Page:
Before Bangkok, Thailand was ruled from Ayutthaya, and before Ayutthaya, the Chao Phraya basin was ruled by collection of Kingdoms, one of which was the Lopburi.
The records of Thai history become less clear at this point – around 1,000 years ago. Marco Polo wrote briefly about the Lopburi Kingdom in book 3 of his travels, and there is a chapter devoted to it in “the History of the Yuan”. But there are sophisticated earthernware pots that can be found which date back thousands of years before that.
Unfortunately, what we know about the history of Lopburi before 1,000 years ago is based almost purely on the architecture, and separated into the “Early” period of the “Neolithic” and “Metal Age” indigenous people.
Then the “Funan” period – named for a Mekong Delta empire dated in Chinese annals of approximately 200 to 600 AD but with very few surviving relics
Then the Dvaravati period -named for a kingdom centred on Nakhon Pathom in the Western part of the central plain of Thailand. The “city” of Lopburi seems to have been founded during this period by a King Kalavarnadish, who came from Northern India in the 7th century, and it seems to have been either a seat of power or a town of great importance until the continued rise of the Ayutthaya Kingdom in the 18th Century.
After the Dvaravati period, came the “Lopburi” period where this city reached its peak of properity as a regional administrative centre of the Khmers from around 1000 to 1300 AD. It is this period that produced the earliest dated inscriptions found in Thailand and has a very distinctive artistic style, so it is here that the fog of history clears. Hindu or Buddhist art in Thailand with strong Khmere influence – like Prang Sam Yot which is discussed in an adjacent Blip – is often labelled the “Lopburi style”.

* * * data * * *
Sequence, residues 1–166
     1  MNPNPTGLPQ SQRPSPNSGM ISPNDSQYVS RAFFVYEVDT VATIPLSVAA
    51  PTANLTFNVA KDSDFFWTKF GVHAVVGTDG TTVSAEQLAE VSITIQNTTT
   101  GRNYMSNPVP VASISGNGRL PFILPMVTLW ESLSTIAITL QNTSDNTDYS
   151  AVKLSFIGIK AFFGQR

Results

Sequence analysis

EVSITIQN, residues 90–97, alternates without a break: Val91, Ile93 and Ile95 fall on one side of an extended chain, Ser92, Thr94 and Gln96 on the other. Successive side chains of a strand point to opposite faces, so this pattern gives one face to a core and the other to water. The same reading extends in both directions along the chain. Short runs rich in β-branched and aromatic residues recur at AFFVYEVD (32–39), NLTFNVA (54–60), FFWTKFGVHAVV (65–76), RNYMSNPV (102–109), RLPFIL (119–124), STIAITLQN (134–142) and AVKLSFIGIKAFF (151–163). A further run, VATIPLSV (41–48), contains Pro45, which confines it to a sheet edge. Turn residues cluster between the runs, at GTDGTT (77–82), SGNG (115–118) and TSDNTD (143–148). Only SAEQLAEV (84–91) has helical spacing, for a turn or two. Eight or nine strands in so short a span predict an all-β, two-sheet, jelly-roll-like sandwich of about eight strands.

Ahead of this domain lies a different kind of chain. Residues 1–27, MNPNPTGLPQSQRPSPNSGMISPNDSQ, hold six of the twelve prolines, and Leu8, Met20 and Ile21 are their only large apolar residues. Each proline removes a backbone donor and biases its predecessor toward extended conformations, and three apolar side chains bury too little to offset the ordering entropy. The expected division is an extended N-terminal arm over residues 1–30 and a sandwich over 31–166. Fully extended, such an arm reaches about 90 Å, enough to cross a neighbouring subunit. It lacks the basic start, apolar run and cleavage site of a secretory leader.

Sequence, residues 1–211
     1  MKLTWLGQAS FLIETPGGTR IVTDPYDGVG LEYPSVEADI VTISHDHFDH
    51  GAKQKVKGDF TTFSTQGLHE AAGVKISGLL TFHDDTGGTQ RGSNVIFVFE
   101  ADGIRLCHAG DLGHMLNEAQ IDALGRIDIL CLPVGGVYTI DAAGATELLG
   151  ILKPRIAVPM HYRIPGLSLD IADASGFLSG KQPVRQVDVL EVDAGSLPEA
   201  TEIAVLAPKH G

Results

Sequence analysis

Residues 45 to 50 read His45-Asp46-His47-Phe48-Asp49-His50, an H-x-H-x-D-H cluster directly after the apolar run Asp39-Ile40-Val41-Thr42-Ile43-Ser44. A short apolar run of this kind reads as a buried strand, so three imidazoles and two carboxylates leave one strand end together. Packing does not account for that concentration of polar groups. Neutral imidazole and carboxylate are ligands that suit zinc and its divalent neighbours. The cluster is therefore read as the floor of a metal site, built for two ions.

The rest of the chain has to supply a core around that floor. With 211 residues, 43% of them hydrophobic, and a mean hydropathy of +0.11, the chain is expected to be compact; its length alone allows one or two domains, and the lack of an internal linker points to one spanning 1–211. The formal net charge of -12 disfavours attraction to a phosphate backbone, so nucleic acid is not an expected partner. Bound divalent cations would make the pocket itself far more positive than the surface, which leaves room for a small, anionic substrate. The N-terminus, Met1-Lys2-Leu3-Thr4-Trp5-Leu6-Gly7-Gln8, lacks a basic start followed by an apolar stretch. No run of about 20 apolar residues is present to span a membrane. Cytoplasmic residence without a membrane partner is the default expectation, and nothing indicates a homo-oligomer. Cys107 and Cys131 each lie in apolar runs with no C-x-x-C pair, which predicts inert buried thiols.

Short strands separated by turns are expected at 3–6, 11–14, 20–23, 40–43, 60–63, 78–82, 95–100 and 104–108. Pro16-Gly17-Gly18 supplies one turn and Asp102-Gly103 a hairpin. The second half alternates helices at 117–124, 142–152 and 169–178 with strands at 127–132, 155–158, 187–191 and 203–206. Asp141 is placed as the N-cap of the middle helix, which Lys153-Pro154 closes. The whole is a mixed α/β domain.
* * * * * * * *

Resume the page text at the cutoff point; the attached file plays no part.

During the 17th Century, Lopburi regained its importance under the patronage of King Narai who rebuilt a large palace here. Narai was a keen game hunter, and liked spending time in Lopburi over Ayutthaya to pursue this pasttime – eventually he preferred it here. A visiting Frenchman at the time described Lopburi as being to the King of Siam what Versailles was to Louis XIV – a hunting retreat where the King could hold court over longer periods of time.
Indeed, the French took a strong foothold in Thailand during the time of King Narai, and established an Embassy here. The French also took over fortresses in Bangkok and in Mergui – in modern day southern Myanmar. With this growing influence came resistance. An anti-French faction grew within the King’s court, eventually toppling Narai in a coup d’etat, and returning the capital to Ayutthaya and leaving Lopburi as a backwater. For more on this intriguing story, listen to the Blip for Ban Chao Wichayen.
Today the town is laidback, and a little sleepy, with a population of less than 30,000. It is best known for two features: the ancient Khmer architecture, and the rather naughty crab-eating macaques that inhabit it. We are fortunate to get a very good view of both, as Lop Buri station sits right amidst it, but we will cover that in the Blip titled Prang Sam Yot.